United States District Court, D. Maryland, Southern Division
J. HAZEL UNITED STATES DISTRICT JUDGE
interpleader action, Plaintiff Wells Fargo Bank, N.A.
(“Wells Fargo”) brings suit against Defendants
Patrice Wanki and Iota Communications, Inc. f/k/a Solbright
Group, Inc. (“Iota”), requesting that the Court
authorize Plaintiff to deposit $34, 850.51 in wired funds
into the Registry of the Court, dismiss Plaintiff from the
action, discharge Plaintiff from further liability relating
to the funds, and award Plaintiff the attorneys' fees and
costs associated with this case. ECF No. 1. Pending before
the Court is Plaintiff's Motion to Interplead Restrained
Proceeds into the Registry of the Court and Motion for
Dismissal (“Motion for Interpleader Relief”). ECF
No. 8. No. hearing is necessary. See Loc. R. 105.6
(D. Md. 2016). For the following reasons, Plaintiff's
Motion for Interpleader Relief is granted. Once the wired
funds have been deposited with the Registry of the Court,
Plaintiff shall be dismissed, discharged from liability, and
awarded $6, 637.72 in attorneys' fees and costs from the
deposited funds. The remaining parties shall be realigned,
with Iota as Plaintiff and Patrice Wanki as Defendant.
is a national banking association with its main office in
Sioux Falls, South Dakota. ECF No. 1 ¶ 3. Iota is a
Delaware corporation with its principal place of business in
New Hope, Pennsylvania, and it holds a Wells Fargo WellsOne
account (“Iota Account”). Id.
¶¶ 4, 10. Wanki is a resident of Greenbelt,
Maryland and holds a Wells Fargo Everyday Checking account
(“Wanki Account”). Id. ¶¶ 5,
10. The relationship between Plaintiff and Iota relative to
the Iota Account and the relationship between Plaintiff and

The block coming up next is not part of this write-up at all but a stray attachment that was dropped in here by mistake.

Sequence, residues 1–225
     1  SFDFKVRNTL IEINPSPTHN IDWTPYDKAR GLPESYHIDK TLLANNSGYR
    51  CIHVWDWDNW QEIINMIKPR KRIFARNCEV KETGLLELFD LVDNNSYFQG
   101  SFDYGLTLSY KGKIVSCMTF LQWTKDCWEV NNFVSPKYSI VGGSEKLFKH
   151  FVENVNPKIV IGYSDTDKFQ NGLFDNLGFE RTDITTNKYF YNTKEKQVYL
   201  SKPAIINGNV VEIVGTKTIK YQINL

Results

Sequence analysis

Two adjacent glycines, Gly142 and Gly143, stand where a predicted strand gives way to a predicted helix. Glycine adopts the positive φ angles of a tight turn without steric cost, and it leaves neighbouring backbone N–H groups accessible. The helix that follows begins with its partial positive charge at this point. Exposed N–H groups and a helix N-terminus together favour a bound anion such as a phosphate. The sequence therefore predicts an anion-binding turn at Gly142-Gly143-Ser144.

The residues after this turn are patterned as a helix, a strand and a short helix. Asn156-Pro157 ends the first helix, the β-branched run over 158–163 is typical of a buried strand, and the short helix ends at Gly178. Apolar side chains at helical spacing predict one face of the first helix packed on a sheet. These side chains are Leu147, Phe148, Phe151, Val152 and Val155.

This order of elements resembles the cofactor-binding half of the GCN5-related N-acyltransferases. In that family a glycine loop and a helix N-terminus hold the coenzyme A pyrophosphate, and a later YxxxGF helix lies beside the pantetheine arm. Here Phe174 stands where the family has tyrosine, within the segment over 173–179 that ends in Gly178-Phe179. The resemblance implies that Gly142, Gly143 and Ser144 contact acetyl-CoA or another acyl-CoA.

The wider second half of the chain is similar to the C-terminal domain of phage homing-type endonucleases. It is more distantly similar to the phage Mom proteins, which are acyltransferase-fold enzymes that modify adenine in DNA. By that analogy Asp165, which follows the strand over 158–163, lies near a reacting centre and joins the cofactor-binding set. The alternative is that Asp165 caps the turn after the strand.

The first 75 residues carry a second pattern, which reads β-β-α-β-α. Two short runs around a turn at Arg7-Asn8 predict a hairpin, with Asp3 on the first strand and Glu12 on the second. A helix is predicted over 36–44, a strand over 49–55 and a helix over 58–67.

Wanki relative to the Wanki Account are governed by the Wells
Fargo Deposit Account Agreement (the “Account
Agreement”). Id. ¶ 15.
about November 30, 2018, Iota wired $34, 901.00 from the Iota
Account to the Wanki Account. Id. ¶ 10. Iota
subsequently requested that the wired funds be recalled based
on alleged fraud. Id. ¶ 11. Plaintiff
restrained the Wanki Account, which now contains a balance of
$34, 850.51 (the “Restrained Funds”).
Id. Despite multiple requests, Wanki has not
authorized Plaintiff to debit the Restrained Funds from the
Wanki Account. Id. ¶ 12.
initiated this interpleader action against Iota and Wanki on
March 24, 2019. ECF No. 1. Iota filed an Answer on April 18,
2019. ECF No. 4. An Affidavit of Service filed on May 12,
2019 shows that Wanki was served via substituted service on
April 6, 2019. ECF No. 6. Wanki did not file an answer or
otherwise respond to this action. Plaintiff subsequently
filed a Motion for Clerk's Entry Default on May 13, 2019,
ECF No. 7, and the Clerk entered a default against Wanki on
August 8, 2019, ECF No. 10. On July 18, 2019, Plaintiff filed
a Motion for Interpleader Relief requesting that the Court
order it to deposit the Restrained Funds in the Registry of
the Court or, in the alternative, to pay the funds directly
to Iota. ECF No. 8. Iota responded on July 25, 2019, stating
its preference that the Court order the Restrained Funds be
paid to it directly. ECF No. 9.
STANDARD OF REVIEW
is a procedural device that allows a disinterested
stakeholder to bring a single action joining two or more